After leading its fiscal year off by posting a ¥10.29 billion ($115 million) loss on revenues down 19 percent year-over-year to ¥60.46 billion ($679 million), Sega Sammy has slowly been retaking ground. Reporting on the first nine months of its 2010 fiscal year today, Sega Sammy announced net sales of ¥285 billion ($3.19 billion), down just 7.7 percent from a year prior. The Japanese publisher also managed to get back in the black, posting a ¥16.9 billion ($189 million) profit for the April-December period.
Sega Sammy attributed its turnaround in large part to its pachislot and pachinko machine business in Japan. The segment posted revenues of ¥126 billion ($1.41 billion) during the nine-month period, up 17.7 percent from the year before. Operating income, which the publisher said was bolstered by increased sales and decreased cost of production, skyrocketed 409 percent during the period to ¥26.9 billion ($301 million).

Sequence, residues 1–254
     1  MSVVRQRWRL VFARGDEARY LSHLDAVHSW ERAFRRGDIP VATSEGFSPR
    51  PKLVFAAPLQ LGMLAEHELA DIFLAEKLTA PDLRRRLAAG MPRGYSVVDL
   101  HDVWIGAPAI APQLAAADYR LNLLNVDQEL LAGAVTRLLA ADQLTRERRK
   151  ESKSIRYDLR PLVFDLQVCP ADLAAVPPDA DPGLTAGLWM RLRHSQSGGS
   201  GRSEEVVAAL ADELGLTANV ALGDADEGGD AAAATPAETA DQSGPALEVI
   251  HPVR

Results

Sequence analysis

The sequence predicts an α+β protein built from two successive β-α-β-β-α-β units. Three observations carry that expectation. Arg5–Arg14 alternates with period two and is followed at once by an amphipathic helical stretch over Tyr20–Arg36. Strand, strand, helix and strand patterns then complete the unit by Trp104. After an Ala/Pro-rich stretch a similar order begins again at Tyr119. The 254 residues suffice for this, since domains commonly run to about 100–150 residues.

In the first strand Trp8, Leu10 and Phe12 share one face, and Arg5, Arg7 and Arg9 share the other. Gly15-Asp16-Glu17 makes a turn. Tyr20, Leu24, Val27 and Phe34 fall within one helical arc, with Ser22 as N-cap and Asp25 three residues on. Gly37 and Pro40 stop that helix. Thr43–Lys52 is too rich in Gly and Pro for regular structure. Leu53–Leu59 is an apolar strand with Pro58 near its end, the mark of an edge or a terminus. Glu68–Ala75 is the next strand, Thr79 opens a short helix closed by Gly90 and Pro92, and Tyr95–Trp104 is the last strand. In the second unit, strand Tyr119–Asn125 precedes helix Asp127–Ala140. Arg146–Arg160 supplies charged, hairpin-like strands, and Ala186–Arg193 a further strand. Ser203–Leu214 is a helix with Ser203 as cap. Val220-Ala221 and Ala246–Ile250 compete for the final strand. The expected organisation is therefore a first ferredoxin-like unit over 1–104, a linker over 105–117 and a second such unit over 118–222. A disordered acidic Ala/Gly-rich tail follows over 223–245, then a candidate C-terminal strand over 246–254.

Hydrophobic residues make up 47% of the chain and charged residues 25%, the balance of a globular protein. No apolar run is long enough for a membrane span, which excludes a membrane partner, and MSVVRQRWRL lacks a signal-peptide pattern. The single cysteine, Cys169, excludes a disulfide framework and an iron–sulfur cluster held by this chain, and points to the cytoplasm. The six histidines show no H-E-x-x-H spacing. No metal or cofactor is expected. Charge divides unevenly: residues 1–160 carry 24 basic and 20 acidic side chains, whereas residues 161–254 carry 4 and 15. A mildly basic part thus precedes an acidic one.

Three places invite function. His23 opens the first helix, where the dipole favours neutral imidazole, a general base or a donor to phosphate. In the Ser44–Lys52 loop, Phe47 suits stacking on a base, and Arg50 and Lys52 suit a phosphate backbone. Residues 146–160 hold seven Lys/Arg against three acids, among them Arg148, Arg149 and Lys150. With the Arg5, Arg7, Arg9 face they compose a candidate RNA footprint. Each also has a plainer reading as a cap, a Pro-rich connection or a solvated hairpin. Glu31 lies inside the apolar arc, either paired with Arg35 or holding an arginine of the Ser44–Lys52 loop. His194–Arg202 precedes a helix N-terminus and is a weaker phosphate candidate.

As for the company's home gaming software business, Sega Sammy said that while the Japanese market remained strong, it saw sales declines in the US and Europe due to "adverse market conditions" and the delay of unspecified games to its next fiscal year. On the whole, Sega Sammy's home software business posted a net sales decline of ¥83.1 billion ($930 million). Notably, the segment reversed its ¥5.6 billion ($62.9 million) operating loss from a year ago to post a ¥1.4 billion ($15.7 million) income during the period.
To date, Mario & Sonic at the Olympic Winter Games is the publisher's top-selling title launched during its current fiscal year, selling 5.67 million units on the Wii and DS in the US and Europe. Though its US and European launch occurred outside the reporting period, Sega Sammy said that PlatinumGames' critically acclaimed Bayonetta has sold 1.1 million units in the US, Europe, and Japan across the Xbox 360 and PlayStation 3.
Other top sellers during the period were Football Manager 2010, which sold 740,000 units on the PSP and PC in the US and Europe. Phantasy Star Portable 2, which is thus far only available in Japan, rounded out the company's top software, selling 540,000 units on the PSP since its December launch.